Aboriginal Smoking Ceremony & Fire Regulations
MFB works closely with all community groups to ensure that ceremonial fires are used safely and meet the requirements of the Country Fire Authority (CFA) Act 1958 Section 40.
Total fire ban days
On declared Total Fire Ban days, a permit may be granted to light a fire if the fire is necessary for the purpose of carrying on the works of a:
• community charitable organisation
• municipal council
• ctatutory corporation
• industrial operation or trade
• public entertainment
Non fire ban days
On all days where no Total Fire Ban has been declared, contact your local municipal council to ensure you comply with by-laws when planning a smoking ceremony or ceremonial fire.
Smoking and ceremonial fires safety
Unless there are exceptional circumstances a permit may not be granted and a smoking ceremony or ceremonial fire may need to be postponed.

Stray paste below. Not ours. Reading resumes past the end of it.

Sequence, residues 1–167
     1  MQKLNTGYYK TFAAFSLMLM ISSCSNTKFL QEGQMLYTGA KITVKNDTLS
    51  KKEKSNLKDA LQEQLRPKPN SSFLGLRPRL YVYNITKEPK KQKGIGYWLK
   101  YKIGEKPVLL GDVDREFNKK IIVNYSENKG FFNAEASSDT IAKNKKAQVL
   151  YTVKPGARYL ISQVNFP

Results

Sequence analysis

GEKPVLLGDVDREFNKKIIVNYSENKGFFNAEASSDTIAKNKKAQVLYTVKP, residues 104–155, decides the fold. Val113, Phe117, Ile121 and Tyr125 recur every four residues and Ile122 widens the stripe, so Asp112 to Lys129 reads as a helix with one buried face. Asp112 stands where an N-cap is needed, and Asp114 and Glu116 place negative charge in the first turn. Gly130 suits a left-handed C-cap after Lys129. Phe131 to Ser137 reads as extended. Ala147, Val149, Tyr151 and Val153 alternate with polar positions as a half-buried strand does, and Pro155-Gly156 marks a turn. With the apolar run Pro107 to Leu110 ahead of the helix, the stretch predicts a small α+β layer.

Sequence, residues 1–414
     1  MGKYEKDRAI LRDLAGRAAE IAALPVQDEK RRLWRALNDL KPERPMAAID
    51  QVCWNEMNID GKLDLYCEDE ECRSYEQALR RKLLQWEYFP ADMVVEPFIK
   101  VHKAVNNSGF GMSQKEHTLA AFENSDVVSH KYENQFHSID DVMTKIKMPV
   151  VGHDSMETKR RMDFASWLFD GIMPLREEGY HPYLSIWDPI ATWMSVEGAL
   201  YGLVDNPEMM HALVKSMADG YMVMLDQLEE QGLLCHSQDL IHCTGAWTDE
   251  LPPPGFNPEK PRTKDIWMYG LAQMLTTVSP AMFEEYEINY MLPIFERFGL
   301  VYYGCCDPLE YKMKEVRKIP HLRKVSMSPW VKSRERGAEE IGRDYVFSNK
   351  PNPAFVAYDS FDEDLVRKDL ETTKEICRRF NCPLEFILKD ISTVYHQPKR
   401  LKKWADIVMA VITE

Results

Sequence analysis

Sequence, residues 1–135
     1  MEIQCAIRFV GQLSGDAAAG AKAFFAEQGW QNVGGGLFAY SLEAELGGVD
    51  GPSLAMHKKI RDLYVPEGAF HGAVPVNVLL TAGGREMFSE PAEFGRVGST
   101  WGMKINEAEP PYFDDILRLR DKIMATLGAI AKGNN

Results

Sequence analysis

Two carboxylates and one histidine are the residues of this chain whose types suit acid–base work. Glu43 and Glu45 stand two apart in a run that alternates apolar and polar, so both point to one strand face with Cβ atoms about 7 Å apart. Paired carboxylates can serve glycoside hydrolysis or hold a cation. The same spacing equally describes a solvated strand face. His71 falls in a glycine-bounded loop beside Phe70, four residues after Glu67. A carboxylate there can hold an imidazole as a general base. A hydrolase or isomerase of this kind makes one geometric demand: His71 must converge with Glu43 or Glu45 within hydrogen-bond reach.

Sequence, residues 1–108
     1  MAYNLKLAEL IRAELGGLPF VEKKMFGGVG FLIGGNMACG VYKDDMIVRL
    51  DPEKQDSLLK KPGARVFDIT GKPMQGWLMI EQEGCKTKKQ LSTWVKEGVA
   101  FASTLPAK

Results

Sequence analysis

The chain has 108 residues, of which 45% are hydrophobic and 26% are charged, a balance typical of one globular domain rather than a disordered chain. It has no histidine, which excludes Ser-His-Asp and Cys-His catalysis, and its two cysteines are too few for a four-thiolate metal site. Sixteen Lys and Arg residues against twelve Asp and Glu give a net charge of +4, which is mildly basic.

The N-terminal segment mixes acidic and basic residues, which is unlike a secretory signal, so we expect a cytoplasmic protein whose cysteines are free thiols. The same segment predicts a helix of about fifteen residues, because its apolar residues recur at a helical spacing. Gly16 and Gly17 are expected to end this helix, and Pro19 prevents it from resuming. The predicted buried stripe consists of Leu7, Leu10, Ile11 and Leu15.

The below advice should be followed for all ceremonial fires in the open air.
- Always keep a three metre clear area around the fire.
- Only use natural dry wood.
- Never use petrol or other chemicals to light a fire.
- Don’t put items such as plastic or glass into a fire.
- Supervise a fire at all times, don’t walk away.
- Always supervise children around fires.
- Extinguish wood fires with water.
- Ensure a fire is cold before leaving.
To apply for a permit contact the local MFB district office closest to the site where the ceremony is to be held.